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Martha's Vineyard by Bike: Serene Explorations


The best way to get to New England's largest island is slowly. Instead of stampeding aboard the massive ferries from Cape Cod for the short jump to Martha's Vineyard, head to New Bedford. There you can board the Schamonchi, a proud family-sized ferry that plies the waters between the Whaling City and the Vineyard. You avoid the hordes that crowd the docks on Cape Cod and the traffic jams that mar either end of your stay. When you arrive, you sense you've reached an island that feels far more than seven miles from the mainland.

This rickety dock gets few visitors.  Jim Johnson, 1999For me, a journey to the Vineyard is an annual ritual that starts as soon as I board the ship, a family-run operation with a cordial crew. The 90-minute voyage cruises past old fortresses, through the necklace string of the Elizabeth Islands, past Woods Hole and across the sound to the Vineyard. As it passes West Chop Light into Vineyard Haven, the ship slows and weaves through yachts hailing from around the globe. It pulls into the dock with a strong surge in reverse, the bow so close to the beach you could almost hand off a picnic basket.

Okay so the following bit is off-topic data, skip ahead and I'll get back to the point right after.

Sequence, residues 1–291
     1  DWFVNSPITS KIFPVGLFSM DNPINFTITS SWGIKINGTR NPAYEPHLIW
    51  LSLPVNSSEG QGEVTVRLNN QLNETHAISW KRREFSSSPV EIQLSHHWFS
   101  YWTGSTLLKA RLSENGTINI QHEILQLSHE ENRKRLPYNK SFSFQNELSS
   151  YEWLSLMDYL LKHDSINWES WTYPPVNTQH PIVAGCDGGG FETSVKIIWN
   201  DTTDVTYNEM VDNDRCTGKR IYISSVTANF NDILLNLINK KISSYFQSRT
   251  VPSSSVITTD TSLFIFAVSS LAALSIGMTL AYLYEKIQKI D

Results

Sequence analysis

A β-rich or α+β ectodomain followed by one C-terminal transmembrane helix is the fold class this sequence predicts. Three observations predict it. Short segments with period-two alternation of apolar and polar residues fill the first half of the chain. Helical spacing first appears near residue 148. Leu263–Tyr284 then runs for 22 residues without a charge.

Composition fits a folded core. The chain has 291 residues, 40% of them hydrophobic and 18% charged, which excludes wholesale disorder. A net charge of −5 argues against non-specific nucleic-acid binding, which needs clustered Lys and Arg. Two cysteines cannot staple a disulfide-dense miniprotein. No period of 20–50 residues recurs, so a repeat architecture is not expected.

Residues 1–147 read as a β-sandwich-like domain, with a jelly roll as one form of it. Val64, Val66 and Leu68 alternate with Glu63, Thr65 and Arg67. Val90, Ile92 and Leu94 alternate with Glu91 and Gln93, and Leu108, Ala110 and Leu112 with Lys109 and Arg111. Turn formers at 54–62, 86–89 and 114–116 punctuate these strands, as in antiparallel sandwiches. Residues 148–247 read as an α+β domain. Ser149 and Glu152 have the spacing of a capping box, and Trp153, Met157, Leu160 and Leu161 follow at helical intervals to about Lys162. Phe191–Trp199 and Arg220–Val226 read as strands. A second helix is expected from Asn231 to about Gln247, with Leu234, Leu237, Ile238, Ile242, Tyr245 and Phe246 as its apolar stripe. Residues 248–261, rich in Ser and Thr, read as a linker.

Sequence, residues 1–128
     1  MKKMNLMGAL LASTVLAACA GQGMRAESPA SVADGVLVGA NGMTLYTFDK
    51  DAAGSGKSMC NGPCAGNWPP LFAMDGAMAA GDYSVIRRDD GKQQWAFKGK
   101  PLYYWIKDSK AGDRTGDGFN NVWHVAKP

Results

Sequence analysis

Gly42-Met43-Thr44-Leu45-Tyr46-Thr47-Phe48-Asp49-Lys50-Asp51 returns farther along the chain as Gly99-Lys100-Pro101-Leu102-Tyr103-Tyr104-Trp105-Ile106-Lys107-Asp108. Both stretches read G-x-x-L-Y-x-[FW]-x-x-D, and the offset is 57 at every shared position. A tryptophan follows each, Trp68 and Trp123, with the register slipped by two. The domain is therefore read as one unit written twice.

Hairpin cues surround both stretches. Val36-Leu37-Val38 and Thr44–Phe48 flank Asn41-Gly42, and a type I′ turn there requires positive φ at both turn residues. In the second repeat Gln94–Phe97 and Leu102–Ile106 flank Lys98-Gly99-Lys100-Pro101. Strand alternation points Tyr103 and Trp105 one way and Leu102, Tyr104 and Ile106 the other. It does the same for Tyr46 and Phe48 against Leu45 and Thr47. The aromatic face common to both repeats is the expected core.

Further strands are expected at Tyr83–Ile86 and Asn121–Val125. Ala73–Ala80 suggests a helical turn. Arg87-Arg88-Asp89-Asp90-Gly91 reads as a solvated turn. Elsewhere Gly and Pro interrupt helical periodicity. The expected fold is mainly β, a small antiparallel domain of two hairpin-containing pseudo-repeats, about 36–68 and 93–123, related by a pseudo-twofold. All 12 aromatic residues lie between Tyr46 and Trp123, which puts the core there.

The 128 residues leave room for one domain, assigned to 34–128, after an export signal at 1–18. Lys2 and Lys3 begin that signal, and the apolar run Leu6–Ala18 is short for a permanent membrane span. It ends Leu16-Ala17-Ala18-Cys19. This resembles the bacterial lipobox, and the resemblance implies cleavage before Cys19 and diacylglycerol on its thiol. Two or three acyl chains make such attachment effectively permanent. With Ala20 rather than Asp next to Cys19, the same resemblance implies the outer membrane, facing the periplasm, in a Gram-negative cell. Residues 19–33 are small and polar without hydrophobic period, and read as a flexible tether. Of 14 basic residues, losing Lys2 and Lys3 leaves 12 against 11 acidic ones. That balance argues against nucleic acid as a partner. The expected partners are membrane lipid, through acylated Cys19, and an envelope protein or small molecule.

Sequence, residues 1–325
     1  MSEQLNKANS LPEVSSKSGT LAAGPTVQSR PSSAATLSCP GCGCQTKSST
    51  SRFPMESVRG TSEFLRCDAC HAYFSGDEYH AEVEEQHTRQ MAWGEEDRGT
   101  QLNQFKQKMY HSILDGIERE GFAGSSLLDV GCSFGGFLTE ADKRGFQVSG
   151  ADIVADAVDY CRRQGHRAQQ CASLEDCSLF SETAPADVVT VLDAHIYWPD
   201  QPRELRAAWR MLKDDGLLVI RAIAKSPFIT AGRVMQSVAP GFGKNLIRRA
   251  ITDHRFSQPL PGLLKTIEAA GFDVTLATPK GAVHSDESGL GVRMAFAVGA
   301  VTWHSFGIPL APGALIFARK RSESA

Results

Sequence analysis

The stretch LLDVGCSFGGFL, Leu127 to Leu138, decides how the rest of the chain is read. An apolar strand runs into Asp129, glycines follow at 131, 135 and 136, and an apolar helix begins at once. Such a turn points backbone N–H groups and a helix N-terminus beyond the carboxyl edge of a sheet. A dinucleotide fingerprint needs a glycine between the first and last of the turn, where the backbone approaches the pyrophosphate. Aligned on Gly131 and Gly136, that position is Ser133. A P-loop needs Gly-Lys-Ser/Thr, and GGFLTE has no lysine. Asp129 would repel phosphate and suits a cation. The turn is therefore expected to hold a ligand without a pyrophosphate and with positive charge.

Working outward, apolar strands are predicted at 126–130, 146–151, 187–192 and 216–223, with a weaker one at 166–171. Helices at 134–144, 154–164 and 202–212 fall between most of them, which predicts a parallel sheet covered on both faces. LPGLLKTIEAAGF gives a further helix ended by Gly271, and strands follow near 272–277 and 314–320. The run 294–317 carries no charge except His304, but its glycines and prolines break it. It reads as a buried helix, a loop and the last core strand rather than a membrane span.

The Schamonchi doesn't take cars, but it does carry bikes, and it's a virtual parade as cyclists walk their bikes down the wooden pier. Other passengers rent theirs across the street at Adventure Rentals or Martha's Bike Rentals.

For me, bicycling is the best way to see the island and to capture its serenity and spirit. Car and moped rentals are available, but you miss too much. Bicyclists can hear the roaring surf, the wind cutting through the trees, and the birds chirping overhead. You can smell the moss and evergreens, and catch glimpses of chipmunks and maybe even a rare osprey. You also get a true sense of the geography and geology of the island, the subtle shifts from town to countryside, from woodland to meadow, from flatland to rolling hillside. You can also eat a hot fudge sundae without guilt.